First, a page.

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Survey Results from U.S. Students Watching the Election from Austria

Survey Results from U.S. Students Watching the Election from Austria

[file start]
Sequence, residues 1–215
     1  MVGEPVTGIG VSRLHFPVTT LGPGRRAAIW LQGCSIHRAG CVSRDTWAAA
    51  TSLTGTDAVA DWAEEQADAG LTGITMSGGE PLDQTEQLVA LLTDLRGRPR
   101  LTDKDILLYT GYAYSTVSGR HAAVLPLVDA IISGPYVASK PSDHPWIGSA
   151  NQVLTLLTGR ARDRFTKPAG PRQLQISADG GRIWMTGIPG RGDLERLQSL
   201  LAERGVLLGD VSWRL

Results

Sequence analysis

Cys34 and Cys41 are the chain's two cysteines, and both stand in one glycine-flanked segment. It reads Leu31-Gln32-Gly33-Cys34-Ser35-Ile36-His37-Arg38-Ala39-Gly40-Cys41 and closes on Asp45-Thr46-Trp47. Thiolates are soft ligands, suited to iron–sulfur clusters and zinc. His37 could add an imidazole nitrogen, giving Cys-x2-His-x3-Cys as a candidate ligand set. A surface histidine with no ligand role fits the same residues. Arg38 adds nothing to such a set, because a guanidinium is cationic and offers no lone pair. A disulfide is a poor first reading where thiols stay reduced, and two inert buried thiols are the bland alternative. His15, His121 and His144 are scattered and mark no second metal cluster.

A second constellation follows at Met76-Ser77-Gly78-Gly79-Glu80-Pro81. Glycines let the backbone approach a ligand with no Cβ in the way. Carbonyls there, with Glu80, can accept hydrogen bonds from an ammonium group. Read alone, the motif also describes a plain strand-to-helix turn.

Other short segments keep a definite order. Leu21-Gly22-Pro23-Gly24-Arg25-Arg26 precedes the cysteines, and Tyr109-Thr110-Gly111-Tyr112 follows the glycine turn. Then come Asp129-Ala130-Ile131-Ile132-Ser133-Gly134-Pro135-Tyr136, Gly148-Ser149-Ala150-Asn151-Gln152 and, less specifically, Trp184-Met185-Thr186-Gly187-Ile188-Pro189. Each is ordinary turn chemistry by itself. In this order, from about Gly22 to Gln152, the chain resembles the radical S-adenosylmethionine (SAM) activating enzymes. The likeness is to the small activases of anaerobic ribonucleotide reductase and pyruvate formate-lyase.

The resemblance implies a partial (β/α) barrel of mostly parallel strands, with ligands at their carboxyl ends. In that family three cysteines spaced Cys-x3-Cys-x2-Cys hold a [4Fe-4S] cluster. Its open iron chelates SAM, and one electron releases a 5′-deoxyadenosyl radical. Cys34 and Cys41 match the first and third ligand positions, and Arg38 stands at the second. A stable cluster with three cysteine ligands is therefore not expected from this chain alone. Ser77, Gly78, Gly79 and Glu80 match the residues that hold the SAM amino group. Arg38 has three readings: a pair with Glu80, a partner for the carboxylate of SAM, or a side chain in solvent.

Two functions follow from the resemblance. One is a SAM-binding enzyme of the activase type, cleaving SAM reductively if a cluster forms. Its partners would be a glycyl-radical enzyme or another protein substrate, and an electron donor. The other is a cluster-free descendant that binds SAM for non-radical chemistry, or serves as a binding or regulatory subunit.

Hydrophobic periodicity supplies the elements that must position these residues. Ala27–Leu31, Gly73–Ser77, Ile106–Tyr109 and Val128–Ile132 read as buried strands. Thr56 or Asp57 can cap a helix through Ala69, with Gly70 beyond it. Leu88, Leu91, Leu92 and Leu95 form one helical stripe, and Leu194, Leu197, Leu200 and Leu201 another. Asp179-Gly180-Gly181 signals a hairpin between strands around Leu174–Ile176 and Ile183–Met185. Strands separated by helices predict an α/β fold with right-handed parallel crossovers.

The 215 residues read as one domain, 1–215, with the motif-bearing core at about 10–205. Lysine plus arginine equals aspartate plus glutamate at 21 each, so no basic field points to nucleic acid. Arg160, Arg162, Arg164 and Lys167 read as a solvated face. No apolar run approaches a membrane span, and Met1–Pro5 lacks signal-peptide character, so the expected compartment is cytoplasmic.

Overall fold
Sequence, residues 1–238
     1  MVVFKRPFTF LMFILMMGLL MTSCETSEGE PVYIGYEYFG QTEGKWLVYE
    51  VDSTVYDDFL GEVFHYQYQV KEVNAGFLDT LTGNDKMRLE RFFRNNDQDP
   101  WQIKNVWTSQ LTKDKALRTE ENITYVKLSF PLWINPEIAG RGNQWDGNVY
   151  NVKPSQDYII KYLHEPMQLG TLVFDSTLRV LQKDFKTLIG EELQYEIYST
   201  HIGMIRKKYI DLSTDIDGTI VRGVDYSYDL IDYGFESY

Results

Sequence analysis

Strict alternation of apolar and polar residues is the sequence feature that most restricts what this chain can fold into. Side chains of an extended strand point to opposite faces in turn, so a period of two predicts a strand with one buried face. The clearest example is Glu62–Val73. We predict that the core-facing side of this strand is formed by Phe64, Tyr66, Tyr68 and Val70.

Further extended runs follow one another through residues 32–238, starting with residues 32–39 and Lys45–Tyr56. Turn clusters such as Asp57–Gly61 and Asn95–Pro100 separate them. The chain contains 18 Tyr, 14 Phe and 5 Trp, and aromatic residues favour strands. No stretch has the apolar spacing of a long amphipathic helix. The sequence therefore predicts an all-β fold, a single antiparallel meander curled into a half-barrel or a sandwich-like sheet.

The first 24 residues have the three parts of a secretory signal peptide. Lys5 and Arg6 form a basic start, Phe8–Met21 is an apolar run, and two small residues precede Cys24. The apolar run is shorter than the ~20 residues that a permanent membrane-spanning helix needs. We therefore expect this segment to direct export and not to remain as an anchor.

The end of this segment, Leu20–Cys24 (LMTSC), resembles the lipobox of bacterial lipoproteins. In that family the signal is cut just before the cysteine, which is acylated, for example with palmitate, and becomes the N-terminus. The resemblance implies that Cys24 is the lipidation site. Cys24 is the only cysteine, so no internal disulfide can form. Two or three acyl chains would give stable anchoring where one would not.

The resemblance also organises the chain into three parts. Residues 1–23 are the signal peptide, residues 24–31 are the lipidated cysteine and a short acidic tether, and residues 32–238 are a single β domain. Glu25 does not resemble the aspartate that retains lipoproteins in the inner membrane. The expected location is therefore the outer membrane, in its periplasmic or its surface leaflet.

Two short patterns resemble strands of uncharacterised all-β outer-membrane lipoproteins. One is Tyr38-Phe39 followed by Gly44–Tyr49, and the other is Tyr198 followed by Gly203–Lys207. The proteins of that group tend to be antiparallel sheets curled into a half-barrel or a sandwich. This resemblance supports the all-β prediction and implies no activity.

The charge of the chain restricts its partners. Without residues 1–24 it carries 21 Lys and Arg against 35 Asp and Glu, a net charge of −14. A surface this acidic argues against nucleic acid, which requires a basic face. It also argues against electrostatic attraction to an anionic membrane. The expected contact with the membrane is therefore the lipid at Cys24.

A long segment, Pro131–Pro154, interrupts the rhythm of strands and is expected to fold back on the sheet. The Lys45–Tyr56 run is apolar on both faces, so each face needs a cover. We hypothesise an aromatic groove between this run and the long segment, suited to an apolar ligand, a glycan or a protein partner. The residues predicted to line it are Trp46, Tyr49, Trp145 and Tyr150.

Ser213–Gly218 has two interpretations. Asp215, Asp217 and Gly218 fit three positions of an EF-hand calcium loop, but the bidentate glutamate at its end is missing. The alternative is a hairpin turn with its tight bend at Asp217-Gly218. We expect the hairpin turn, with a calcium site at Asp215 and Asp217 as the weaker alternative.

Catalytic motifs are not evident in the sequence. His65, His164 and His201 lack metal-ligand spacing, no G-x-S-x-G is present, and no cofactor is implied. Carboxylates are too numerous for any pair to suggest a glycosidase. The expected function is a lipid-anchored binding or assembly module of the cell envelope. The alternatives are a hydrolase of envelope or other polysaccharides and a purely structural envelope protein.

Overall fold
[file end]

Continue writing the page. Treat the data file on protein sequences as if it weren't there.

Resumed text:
Hardin-Simmons University business major, StephanieTeoh, was one of several students who recently spoke about the U.S.presidential election with an Austrian radio station. Teoh is one of several studentsfrom across the United States earning college credit this semester in theSalzburg College study abroad program. One of the interesting things about Stephanie,however, she is already an international student at HSU. Being from Malaysia,she already speaks English, Mandarin, and Malay. After a semester in Austria,she can add German to her list of languages. Stephanie, and some of her peers at Salzburg College,Americans, recently discussed their thoughts on the election on AntenneSalzburg, a radio station that can be heard in the U.S. via an app calledTuneIn Radio. {{more}} Phoebe Mayer, director of Salzburg College, askedsome of the students if they would respond to questions from Hardin-SimmonsUniversity regarding their thoughts on the presidential election. Survey results indicate that the students, watchingthe presidential campaign from their perspective outside of the United States, regardthe election with varying degrees of interest. Beloware the responses from the students at Salzburg College… 1. What was it like watching theelection from afar? Is it the same as following it in the U.S. or is itdifferent? If different, then how? “Itwas a lot different because I didn’t really get all the hype like it normallyis when you’re at home.” 7.11.20121:51 PM “Beingwith American students so much of the time meant that I was still exposed toconversation topics that had to do with the election. Even my host mom broughtit up the election a few times because she reads the newspaper every day. Europe,in general, seems interested in American politics. That being said, it stillseemed different than usual – it was nice missing out on the campaigncommercials on television!” 7.11.20121:46 PM “Ifelt a bit detached from the entire process–because I was not constantlybombarded with political advertisements, I felt somewhat freed from the entirething.” 7.11.20121:40 PM “Muchdifferent, there is much less radicalism to it. You can get a better view ofthe candidate. It’s no longer about sides, but how level-headed the candidateis.” 7.11.20121:14 PM 2.Influenced by your European experience, have your views on the candidateschanged? “SinceI consider myself a democrat, some of my pre-existing views were solidified,such as that of social security. I like seeing that people are taken care of inAustria, I can see myself living in a country with a system more like this.” 7.11.20121:46 PM “Notreally–my family members are all staunch democrats, as am I, and watching fromafar in Europe made me realize how unfounded the Republican fears of”socialization” are.” 7.11.20121:40 PM “Ibelieve so, Obama was a much clearer choice after being here and seeing howwell their social safety net works. Also Romney seemed to lack empathy for theaverage American, which was a huge turn off for me.” 7.11.20121:14 PM 3. How didyou follow the election as it unfolded? “Becauseof the time difference, I didn’t watch the results as they happened. When Iwoke up, I looked on the Internet at the results and when I checked my Facebooknewsfeed everything was about the election.” 7.11.20121:51 PM “Ichecked up on online news sources periodically. And talking to my peers in theprogram helped, too. Especially our political science major!” 7.11.20121:46 PM “Mostlythrough word of mouth, but I followed the debates through the internet.” 7.11.20121:40 PM “Ijust heard some of the comments made by Romney, especially after HurricaneSandy, that really made me switch sides.” 7.11.20121:14 PM 4. Did youhave any predictions? “Mypredictions were mainly based on my intuition, which is that Obama was morelikely to win the elections.” 7.11.20122:58 PM “Myinitial prediction was that Romney would win the popular vote, but that Obama wouldwin the electoral vote.” 7.11.20121:51 PM Notreally–the way the news had sensationalized the tight race that was to unfold,I could not be sure of anything. 7.11.20121:40 PM Yes,I always figured Obama would win. 7.11.20121:14 PM 5. What wasyour general impression about the election? “Theelections are very important to the economy and I wish I was more interested inpolitics. My impressions about the elections is that it was something that hadto happen and it was interesting to listen to everyone’s opinions.” 7.11.20122:58 PM “Themain thing that hit me was all the crude comments on Facebook. The Republicansare bashing the Democrats because they think their candidate should have won. Ifeel like all that happened is stirring up the emotions of the people of America.Unfortunately, we are not a very unified country anymore.” 7.11.20121:51 PM “Allsensationalism, little substance. The addition and influence of SuperPACs inthis election has totally convinced me that money plays a bigger role inpolitics than the actual candidates themselves.” 7.11.20121:40 PM “Thestatus quo remained the same. America wasn’t ready for the social extremismRomney brought to the table.” 7.11.2012 1:14 PM